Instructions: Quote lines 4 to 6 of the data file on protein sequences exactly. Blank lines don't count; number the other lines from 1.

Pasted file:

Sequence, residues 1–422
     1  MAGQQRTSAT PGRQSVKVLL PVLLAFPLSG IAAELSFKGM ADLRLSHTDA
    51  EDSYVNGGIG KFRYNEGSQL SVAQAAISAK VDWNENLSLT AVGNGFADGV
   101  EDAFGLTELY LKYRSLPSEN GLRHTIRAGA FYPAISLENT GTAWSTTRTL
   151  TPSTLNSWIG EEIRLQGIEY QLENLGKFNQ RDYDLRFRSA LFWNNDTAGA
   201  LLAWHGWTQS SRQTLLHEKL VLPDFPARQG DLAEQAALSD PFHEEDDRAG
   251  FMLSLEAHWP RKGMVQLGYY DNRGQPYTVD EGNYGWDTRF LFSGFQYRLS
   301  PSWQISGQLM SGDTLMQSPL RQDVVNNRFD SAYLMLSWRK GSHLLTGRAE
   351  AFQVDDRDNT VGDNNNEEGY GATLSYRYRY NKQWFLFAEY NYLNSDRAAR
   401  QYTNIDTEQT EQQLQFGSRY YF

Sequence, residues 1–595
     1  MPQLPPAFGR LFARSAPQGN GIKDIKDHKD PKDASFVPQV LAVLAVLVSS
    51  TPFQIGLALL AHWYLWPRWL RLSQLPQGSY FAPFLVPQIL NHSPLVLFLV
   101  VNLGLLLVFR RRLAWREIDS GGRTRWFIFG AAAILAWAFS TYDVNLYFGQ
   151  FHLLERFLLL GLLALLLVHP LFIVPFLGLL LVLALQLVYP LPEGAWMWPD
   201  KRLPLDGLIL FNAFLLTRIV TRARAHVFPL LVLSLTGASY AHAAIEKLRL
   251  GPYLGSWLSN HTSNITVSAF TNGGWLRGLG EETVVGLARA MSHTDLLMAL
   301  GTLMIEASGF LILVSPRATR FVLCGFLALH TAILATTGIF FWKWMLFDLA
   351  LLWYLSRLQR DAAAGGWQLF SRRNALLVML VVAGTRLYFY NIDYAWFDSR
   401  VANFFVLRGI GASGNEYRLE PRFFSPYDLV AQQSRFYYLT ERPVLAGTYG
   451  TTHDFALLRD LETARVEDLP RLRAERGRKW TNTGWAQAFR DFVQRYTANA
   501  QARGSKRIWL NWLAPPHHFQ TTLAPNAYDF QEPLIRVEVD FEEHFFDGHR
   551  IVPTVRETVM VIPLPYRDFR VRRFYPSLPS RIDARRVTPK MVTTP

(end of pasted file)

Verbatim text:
   101  EDAFGLTELY LKYRSLPSEN GLRHTIRAGA FYPAISLENT GTAWSTTRTL
   151  TPSTLNSWIG EEIRLQGIEY QLENLGKFNQ RDYDLRFRSA LFWNNDTAGA
   201  LLAWHGWTQS SRQTLLHEKL VLPDFPARQG DLAEQAALSD PFHEEDDRAG